Networks VS Bubbles
|Beth Plutchak||May 5|
The sounds of trains punctuated my early life. As a child we lived near the train that brought logs to Thilmany Paper Mill. During the 1960s my sister and I took the train from Appleton to the Chicago suburbs to spend time with our Aunt and Uncle. When I moved to Green Bay to go to school I lived near the train tracks. When I moved back to Kaukauna I lived near the train tracks. I loved the promise and adventure of the train.
The freedom train is coming
Can't you hear that whistle blowing?
It's time to get your ticket y'all and get on board
It's time for all the people to take this freedom ride
Got to together and work for freedom side by side—James Carr
Trains to me meant new experiences, new people, reaching out across boundaries. The building of the railroads across the United States was narrated as the significant achievement of the nineteenth century. The New York Times as recently as April 2020 called the Pacific Railway Act an example of the United States emerging stronger and more resilient. Yet, yet, yet we didn’t talk about how many Chinese people died (at least 600) building the damn thing, or that it was built across stolen land. We accepted the story of expansion of horizons and conquering of distance as the story of the American birthright, a story of connection even while ignoring those sacrificed to get there.
In the late 1950s the railroads as a form of passenger transportation were replaced by the interstate highway system. We no longer travel in rail cars where we might strike up a conversation with a stranger but in single passenger automobiles. Travel is no longer an adventure, but a tool. We replaced the network with a bubble whose name became individualism.
In biological sciences systems change by expanding networks and adapting into new niches, what scientists call “emergence”. These networks build connections at the nodes through feedback loops. New networks emerge that take advantage of small changes in the old systems. None of these things happen without context. Systems that do not grow and change run the risk of atrophy and death. Connectivity and context matter. This is the case in human systems as well as other biological systems. The great American individual atrophies without the support of the community he despises. The Marlboro Man has nowhere to go.
Currently the best models for creating adaptive systems come from the marginalized, the communities of color that rose in response to the very systems that tried to destroy them through genocide and slavery.
The economic 1%, the Republican extremists (is that all of them yet? I lose track) rely on the view from their bubbles to grant them ideological righteousness. If the people who aren’t counted don’t exist, if the railroads travel across vacant land, if vibrant neighborhoods of black and brown and other working class families were not destroyed in building the highway system, can the bubbles be all that are left?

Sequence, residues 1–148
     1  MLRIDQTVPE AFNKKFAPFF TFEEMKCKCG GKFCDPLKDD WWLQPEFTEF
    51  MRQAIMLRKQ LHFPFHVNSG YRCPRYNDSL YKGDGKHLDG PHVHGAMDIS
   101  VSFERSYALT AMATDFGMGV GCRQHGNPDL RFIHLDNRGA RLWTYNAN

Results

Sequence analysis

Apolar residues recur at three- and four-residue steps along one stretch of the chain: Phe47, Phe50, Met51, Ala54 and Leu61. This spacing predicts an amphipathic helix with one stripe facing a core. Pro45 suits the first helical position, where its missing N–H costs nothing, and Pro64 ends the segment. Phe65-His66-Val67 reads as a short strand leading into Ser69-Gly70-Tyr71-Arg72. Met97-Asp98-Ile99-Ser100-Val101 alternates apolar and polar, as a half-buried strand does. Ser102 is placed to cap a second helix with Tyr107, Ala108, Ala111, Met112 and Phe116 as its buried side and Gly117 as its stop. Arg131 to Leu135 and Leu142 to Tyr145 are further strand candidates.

This is the only way to understand the limited and violent buy-in to the right-wing led “return to work” movement. If you are not risking your own life or the lives of those you care about, if you are only risking meat packers (mostly Mexican) and prison inmates and the sick and elderly already doomed to die in nursing homes far away from your day-to-day, the risk is minimal. The other risk, the risk of losing your livelihood is much more present. The view from the bubble says that these are the only two choices. But, what if there is another choice, a choice of community over the individual, the network over the bubble? What if society were to choose to shut down until we are safe, and use the resources of America to shore up the marginalized, the poor, the small business owner and carry the country through to safety? We know how to do this. We’ve done it before in times of national crisis. Other countries are doing it now.
Look to the margins that are creating emergent systems. Those most deeply impacted are most likely to develop the systems that will survive. There were May Day strikes against Amazon, Instacart and others that have thrived during safer at home orders without protecting their employees. These large corporations responded, not adequately, but—feedback networks. Prison reform workers are demanding people be released from prisons to prevent COVID spikes. Housing non-profs are demanding rent and mortgage moratoriums. Part of the work that needs to be done is to spread the narrative and strengthen the feedback loops. We can choose to all be in this together or we can choose death.
Listen to the jingle and the rumble and the roar,
She's rollin' through New England to the West Pacific shore.
It's a long time we've been waitin', now she's been whistlin' 'round the bend,
Ride on on into Congress on that Farmer-Labor train.
There's folks of every color and they're ridin' side by side
Through the swamps of Louisiana and across the Great Divide,
From the wheat fields and the orchards and the lowing cattle range,
And they're rolling onto victory on this Farmer-Labor train.—Woody Guthrie
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